of human industry. Down the dusty high roads defil
ed long
streams of heavily-laden mules, all heading to the
west, for
the gold fever had broken out in California, and th
e Overland
Route lay through the City of the Elect. There, to
o, were
droves of sheep and bullocks coming in from the out
lying
pasture lands, and trains of tired immigrants, men
and horses
equally weary of their interminable journey. Throu
gh all
this motley assemblage, threading her way with the
skill of
an accomplished rider, there galloped Lucy Ferrier,
her fair
face flushed with the exercise and her long chestnu
t hair
floating out behind her. She had a commission from
her
father in the City, and was dashing in as she had d
one many
a time before, with all the fearlessness of youth,
thinking
only of her task and how it was to be performed.
The travel-stained adventurers gazed after her in a
stonishment,
and even the unemotional Indians, journeying in wit
h their
pelties, relaxed their accustomed stoicism as they
marvelled
at the beauty of the pale-faced maiden.
She had reached the outskirts of the city when she
found the
road blocked by a great drove of cattle, driven by
a half-dozen
wild-looking herdsmen from the plains. In her
impatience she endeavoured to pass this obstacle by
pushing
her horse into what appeared to be a gap. Scarcely
had she
got fairly into it, however, before the beasts clos
ed in
behind her, and she found herself completely imbedd
ed in the
moving stream of fierce-eyed, long-horned bullocks.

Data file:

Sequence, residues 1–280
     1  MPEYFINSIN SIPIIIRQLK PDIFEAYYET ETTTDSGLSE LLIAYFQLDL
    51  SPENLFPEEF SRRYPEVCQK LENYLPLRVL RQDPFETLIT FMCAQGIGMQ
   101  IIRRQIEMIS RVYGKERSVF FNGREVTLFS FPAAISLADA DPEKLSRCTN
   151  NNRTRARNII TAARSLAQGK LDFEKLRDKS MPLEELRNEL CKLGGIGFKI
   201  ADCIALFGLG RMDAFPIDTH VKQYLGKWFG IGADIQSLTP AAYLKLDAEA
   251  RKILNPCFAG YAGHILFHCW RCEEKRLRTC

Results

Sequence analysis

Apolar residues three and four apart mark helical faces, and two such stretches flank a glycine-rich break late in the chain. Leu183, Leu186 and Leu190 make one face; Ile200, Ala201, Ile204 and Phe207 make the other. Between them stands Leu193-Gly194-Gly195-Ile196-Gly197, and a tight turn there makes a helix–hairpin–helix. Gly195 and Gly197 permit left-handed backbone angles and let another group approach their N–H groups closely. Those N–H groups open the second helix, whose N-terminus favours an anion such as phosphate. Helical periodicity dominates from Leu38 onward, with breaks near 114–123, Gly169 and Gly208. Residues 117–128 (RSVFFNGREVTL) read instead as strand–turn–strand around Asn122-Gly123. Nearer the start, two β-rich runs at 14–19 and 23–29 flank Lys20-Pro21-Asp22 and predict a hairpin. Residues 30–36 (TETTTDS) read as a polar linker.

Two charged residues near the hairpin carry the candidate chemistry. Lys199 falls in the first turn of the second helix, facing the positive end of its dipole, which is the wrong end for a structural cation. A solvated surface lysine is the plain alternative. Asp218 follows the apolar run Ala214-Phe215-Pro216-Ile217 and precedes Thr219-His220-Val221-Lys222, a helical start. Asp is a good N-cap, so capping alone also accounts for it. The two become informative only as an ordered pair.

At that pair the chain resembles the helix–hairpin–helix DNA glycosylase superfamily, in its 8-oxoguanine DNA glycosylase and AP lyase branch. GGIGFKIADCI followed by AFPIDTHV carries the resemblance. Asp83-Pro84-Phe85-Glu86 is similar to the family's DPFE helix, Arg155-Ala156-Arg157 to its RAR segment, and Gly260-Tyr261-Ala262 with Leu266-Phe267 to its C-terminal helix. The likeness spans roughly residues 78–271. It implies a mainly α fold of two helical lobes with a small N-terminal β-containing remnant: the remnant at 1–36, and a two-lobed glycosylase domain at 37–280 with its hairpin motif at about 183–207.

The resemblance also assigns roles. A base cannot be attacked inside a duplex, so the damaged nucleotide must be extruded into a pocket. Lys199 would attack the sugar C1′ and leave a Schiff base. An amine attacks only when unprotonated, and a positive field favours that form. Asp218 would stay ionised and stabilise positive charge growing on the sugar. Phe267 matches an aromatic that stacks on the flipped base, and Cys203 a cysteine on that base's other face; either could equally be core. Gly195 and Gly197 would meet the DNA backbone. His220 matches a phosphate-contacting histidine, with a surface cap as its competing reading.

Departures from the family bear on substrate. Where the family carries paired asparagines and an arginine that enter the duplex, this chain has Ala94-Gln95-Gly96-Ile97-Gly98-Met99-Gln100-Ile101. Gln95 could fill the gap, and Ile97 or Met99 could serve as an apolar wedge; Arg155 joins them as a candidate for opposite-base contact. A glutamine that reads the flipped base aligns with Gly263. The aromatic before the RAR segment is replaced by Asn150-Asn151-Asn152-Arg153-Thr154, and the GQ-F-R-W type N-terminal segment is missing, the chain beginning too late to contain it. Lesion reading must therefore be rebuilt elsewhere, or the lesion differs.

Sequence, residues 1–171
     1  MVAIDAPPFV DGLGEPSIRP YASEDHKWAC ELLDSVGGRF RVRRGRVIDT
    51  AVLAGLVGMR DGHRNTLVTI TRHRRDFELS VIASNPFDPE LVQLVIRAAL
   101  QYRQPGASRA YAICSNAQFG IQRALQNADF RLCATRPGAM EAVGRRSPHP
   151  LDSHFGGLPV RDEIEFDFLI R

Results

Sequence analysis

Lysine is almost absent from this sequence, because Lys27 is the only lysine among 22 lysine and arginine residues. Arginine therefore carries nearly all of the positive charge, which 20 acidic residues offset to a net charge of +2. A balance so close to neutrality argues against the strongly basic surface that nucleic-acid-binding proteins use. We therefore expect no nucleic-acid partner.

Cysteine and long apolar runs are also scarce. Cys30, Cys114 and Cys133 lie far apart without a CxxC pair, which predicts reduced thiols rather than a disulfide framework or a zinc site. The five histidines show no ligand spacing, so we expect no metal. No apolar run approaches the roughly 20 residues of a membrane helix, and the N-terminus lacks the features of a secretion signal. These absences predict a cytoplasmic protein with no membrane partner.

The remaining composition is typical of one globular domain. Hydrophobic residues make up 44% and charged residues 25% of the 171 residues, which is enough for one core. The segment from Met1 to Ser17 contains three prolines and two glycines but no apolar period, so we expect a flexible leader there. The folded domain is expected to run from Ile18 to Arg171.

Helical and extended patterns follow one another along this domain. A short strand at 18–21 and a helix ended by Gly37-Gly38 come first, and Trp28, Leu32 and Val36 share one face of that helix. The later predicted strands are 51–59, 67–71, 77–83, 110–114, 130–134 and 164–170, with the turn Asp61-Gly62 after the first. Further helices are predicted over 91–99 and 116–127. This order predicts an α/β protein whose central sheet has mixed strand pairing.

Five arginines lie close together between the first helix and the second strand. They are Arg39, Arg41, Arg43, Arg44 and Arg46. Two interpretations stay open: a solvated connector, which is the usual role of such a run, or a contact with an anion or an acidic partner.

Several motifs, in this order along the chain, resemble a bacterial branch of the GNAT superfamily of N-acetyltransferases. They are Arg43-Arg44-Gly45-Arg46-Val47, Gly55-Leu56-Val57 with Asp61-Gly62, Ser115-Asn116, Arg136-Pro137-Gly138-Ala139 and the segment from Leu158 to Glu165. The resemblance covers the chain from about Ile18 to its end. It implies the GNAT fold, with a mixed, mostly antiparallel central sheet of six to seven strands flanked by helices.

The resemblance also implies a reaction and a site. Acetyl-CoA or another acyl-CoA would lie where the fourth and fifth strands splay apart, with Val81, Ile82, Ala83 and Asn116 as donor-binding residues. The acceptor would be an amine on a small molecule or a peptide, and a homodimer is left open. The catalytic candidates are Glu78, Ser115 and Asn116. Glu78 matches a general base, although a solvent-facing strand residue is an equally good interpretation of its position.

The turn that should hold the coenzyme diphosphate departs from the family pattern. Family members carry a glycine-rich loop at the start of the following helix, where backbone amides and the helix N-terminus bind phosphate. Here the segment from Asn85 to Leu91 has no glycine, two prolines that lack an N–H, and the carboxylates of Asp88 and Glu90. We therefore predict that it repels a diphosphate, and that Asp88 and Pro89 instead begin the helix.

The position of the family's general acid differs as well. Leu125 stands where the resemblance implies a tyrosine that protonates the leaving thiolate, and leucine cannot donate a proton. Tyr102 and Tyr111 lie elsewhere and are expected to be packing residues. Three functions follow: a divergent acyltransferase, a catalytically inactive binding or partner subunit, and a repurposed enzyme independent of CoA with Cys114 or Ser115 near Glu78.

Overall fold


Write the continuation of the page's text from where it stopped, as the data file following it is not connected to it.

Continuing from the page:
Accustomed as she was to deal with cattle, she was
not
alarmed at her situation, but took advantage of eve
ry
opportunity to urge her horse on in the hopes of pu
shing her
way through the cavalcade. Unfortunately the horns
of one of
the creatures, either by accident or design, came i
n violent
contact with the flank of the mustang, and excited
it to
madness. In an instant it reared up upon its hind
legs with
a snort of rage, and pranced and tossed in a way th
at would
have unseated any but a most skilful rider. The si
tuation
was full of peril. Every plunge of the excited hor
se brought
it against the horns again, and goaded it to fresh
madness.
It was all that the girl could do to keep herself i
n the
saddle, yet a slip would mean a terrible death unde
r the
hoofs of the unwieldy and terrified animals. Unacc
ustomed to
sudden emergencies, her head began to swim, and her
grip upon
the bridle to relax. Choked by the rising cloud of
dust and
by the steam from the struggling creatures, she mig